- Natalie Sherman
- New York Business Reporter
When Spotify signed an exclusive deal with the Duke and Duchess of Sussex worth around $20 million (£18 million) in 2020, the royal couple were taking their first steps into the world of commerce, and podcasts were on the cusp of a positive boom. was becoming
The Sussex brand has been overshadowed by some in recent days, with Spotify lessening its reliance on big-name celebrity deals and expensive original content that are squeezing its bottom line.
Meghan Markle’s podcast has become one of the most high-profile victims of the week. Spotify and Meghan Markle’s Archwell Audio have announced they are parting ways by mutual decision.
This comes after Spotify’s deal with Barack and Michelle Obama’s production company ended last year.
Spotify has since laid off hundreds of staff, hitting its sprawling podcasting division, a hodgepodge of podcasting companies it acquired for more than $400 million just a few years ago.
In a conference call with financial analysts earlier this year, Spotify Chief Executive Daniel Ek said the company’s spending of more than $1 billion follows a 2019 effort to establish itself as a major player in the industry. admitted to making some mistakes.
“You are correct in pointing out overpayments and overinvestments,” he said.
“We will be very enthusiastic about how we invest in content deals going forward,” he added. “And if it doesn’t perform well, of course we don’t update it.
“And what is performing well will obviously be looked at on a case-by-case basis based on relative value.”
It’s clear that Spotify is still interested in an expensive partnership. The company last year resisted calls to cut ties with controversial star Joe Rogan, who reportedly received $200 million for giving exclusive rights to streamers in 2020. ing.
However, Logan’s show offers several multi-hour episodes each week, reportedly averaging 11 million viewers.
Meghan, by contrast, aired just 12 episodes of her “Archetypes” podcast last year.
In a joint statement announcing their split, the Sussexes and Spotify said they were “proud” of the music they created together.
And a series of accolades showed why.
Archetypes’ debut last year topped Spotify’s charts in six markets, including the US and UK. The show, in which Meghan interviewed celebrities including Serena Williams, Mariah Carey and Mindy Kaling, also won a People’s Choice Award.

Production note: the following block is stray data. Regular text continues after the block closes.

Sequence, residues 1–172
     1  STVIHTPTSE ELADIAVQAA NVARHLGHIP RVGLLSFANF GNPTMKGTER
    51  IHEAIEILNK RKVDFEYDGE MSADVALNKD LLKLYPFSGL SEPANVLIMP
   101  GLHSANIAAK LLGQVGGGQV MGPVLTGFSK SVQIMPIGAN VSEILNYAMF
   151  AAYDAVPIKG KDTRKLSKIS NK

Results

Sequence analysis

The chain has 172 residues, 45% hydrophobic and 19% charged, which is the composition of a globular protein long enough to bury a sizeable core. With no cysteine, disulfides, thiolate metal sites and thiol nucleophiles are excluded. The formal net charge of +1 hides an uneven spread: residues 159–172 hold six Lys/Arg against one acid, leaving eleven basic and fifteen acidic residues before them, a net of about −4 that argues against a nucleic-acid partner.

But crisis communications guru Mark Volkowski said the show may not have been compelling enough when Spotify scrutinized the numbers.
“Content is always important. Obviously, we didn’t have a large enough audience to embrace it,” he says. “No one is going to pay if they can’t pay.”
Borkowski says there is little doubt that the Duke and Duchess still have value as media brands. But it may not be what it used to be.
Earlier this year, a Newsweek poll suggested the couple’s popularity in the United States had waned following the publicity hype surrounding the publication of the Netflix documentary series and Prince Harry’s memoir Spare. . “The more Prince Harry and Meghan Markle speak out, the less Americans like them,” read the Newsweek headline.
Borkowski says the couple, who stepped down as royals in 2020, will have to “think hard” about what they can offer in whatever they do next.
“It’s a thread pulled from the brand,” he says of Spotify’s breakup. “They have to think seriously if they want to stop the unraveling of the situation. The biggest question is whether they’re going to learn from this setback or just ignore it as a passing event.”
A spokesperson for the Hollywood talent agency that now represents Meghan told The Wall Street Journal this week, “Meghan continues to develop more content for archetype audiences on other platforms. there is,” he said.
Insider Intelligence senior analyst Max Willens said Spotify wasn’t the only tech giant to spend big on talent deals in recent years and failed to deliver on the promises backed by the money. ing.
Those dizzying days came to an end last year as economic sentiment deteriorated and stocks fell.
But Spotify’s stock, which continues to grow its user base and has a catalog of podcasts soaring to more than 5 million, is up nearly 90% this year as investors welcome Ek’s promise to continue to focus on “efficiency.” there is
In announcing the “next stage” of its podcasting business earlier this month, the company signaled it would be open to low-cost third-party creators while investing more in “always-on” programming.
“Platforms entered [podcasting] It took time to figure out what was a good investment,” Willens said, noting that Spotify’s decision to part ways with the Duke and Duchess was “an understandable and natural part of the process.”
“They were big, big deals meant to generate buzz and grab headlines, and they did. Whether it makes financial sense in the long run is another question.”